Communities of Dissent: A History of Alternative Religions in America
Stein, Stephen J. Communities of Dissent: A History of Alternative Religions in America. Oxford University Press, 2003.
Stein presents a rarely heard voice in the midst of religious debates, defending not only the importance of allowing place for minority religions but also their ultimate value to society as a whole. Christian Science is one of the ‘alternative religions’ he studies in the context of religious dissent in America. “Dissent in a political context has been an honored tradition in America, and we celebrate the founders as patriots,” (ix) but religious dissent often resulted in opposition. In fact, religious dissenters have suffered immensely at the hands of insiders or the mainstream. Mary Baker Eddy, he explains, was a prime example of immense innovation in 19th-century America that took advantage of the constitutional principle of the prohibition of an established state religion. The door was open to the free marketplace of religious ideas. In an age of women’s political protests, Eddy’s religious movement arose from the personal circumstances of its founder and empowered women in important ways. Her followers then and now accept her “distinctive system of religious thought and the challenge of demonstrating its truthfulness in daily life” (98). Stein argues that such outsider groups, though often ridiculed and even persecuted, contribute substantially to the vitality and creativity of the nation’s religious life.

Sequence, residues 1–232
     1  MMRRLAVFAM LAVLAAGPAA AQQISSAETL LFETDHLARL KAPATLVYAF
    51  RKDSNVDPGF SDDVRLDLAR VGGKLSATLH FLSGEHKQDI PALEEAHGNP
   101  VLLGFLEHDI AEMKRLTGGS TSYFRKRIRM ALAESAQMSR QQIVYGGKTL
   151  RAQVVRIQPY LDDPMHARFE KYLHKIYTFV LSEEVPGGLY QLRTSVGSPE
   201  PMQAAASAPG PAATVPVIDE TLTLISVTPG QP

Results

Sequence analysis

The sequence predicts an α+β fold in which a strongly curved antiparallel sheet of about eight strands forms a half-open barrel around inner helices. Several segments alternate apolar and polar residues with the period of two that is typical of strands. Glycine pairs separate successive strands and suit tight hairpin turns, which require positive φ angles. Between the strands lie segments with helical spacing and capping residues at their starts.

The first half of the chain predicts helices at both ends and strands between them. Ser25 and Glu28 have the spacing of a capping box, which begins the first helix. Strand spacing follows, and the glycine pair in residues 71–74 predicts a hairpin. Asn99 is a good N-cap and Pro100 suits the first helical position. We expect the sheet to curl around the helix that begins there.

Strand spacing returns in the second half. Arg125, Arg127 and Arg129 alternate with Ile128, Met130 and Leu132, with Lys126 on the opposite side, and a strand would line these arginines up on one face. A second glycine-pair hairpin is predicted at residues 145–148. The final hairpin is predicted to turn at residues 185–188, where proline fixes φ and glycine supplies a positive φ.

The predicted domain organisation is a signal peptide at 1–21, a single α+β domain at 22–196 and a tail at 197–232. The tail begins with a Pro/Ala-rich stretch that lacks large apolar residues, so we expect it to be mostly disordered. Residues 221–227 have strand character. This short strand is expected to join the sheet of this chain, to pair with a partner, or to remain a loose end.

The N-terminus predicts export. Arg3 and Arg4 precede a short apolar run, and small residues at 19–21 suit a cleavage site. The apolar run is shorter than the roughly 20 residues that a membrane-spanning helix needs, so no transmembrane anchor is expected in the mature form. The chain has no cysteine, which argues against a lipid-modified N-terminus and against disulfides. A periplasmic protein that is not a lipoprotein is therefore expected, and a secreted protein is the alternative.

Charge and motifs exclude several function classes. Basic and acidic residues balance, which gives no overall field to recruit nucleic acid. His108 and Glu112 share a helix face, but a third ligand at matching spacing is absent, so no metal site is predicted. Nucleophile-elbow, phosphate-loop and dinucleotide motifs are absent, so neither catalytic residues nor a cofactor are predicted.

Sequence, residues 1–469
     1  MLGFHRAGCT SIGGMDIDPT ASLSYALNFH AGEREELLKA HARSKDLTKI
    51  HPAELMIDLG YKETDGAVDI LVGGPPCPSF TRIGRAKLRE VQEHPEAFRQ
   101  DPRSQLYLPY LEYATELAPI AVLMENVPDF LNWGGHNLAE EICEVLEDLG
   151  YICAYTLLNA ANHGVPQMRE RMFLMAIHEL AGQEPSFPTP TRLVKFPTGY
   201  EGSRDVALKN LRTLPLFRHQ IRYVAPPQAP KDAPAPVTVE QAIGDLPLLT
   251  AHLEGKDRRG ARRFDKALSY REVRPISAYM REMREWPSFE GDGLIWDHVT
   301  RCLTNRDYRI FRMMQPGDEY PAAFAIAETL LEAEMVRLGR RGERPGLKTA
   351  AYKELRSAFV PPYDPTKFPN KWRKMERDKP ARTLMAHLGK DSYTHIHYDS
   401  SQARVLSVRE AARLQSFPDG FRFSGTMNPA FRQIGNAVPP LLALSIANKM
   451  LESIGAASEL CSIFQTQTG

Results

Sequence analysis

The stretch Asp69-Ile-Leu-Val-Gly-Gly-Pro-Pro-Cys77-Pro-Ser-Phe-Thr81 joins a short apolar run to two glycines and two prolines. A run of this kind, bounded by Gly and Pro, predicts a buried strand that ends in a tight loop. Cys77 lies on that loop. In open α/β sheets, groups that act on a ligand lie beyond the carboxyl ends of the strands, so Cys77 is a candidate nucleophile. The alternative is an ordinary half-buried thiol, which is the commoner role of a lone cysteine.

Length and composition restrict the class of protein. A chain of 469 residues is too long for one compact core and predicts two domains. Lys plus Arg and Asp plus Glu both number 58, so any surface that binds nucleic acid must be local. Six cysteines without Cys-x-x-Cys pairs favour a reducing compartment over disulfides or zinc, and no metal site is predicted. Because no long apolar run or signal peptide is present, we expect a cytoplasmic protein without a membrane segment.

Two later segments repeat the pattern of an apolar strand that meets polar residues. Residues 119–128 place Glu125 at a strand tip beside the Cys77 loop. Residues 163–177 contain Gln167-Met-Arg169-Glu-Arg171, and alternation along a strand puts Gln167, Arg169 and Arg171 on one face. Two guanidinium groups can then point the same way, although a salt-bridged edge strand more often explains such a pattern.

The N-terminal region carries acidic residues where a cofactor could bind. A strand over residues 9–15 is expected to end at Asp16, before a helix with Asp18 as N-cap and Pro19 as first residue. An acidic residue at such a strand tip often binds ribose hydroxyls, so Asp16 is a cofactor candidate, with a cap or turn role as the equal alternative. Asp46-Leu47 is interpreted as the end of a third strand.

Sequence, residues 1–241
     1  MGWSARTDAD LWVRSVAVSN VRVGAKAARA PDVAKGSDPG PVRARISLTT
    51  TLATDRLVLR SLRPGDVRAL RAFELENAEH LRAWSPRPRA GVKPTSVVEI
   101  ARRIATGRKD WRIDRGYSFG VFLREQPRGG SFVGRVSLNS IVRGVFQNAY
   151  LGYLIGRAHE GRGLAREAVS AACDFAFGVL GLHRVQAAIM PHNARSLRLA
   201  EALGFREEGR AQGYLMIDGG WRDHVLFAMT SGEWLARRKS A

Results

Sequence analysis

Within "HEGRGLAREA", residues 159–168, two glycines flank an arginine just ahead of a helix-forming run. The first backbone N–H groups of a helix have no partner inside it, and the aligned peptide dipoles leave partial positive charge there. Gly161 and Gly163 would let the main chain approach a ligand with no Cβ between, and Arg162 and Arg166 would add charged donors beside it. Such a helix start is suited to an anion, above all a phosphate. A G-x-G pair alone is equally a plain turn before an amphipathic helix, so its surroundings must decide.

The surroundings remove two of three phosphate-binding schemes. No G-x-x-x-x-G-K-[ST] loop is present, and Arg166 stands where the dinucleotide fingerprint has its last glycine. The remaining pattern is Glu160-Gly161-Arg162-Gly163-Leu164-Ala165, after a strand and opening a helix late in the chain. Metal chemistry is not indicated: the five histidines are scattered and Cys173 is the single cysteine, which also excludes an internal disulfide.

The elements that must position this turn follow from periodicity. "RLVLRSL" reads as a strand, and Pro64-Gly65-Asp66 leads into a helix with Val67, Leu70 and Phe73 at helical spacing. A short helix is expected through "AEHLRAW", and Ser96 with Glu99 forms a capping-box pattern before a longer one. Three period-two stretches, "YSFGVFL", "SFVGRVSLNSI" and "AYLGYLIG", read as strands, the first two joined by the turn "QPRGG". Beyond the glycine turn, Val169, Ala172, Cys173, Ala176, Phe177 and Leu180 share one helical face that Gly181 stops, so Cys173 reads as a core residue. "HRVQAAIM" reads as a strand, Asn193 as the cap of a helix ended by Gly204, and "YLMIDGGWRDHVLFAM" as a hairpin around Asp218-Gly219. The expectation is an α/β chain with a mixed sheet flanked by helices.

ISBN-13 (Softcover): 978-0195158250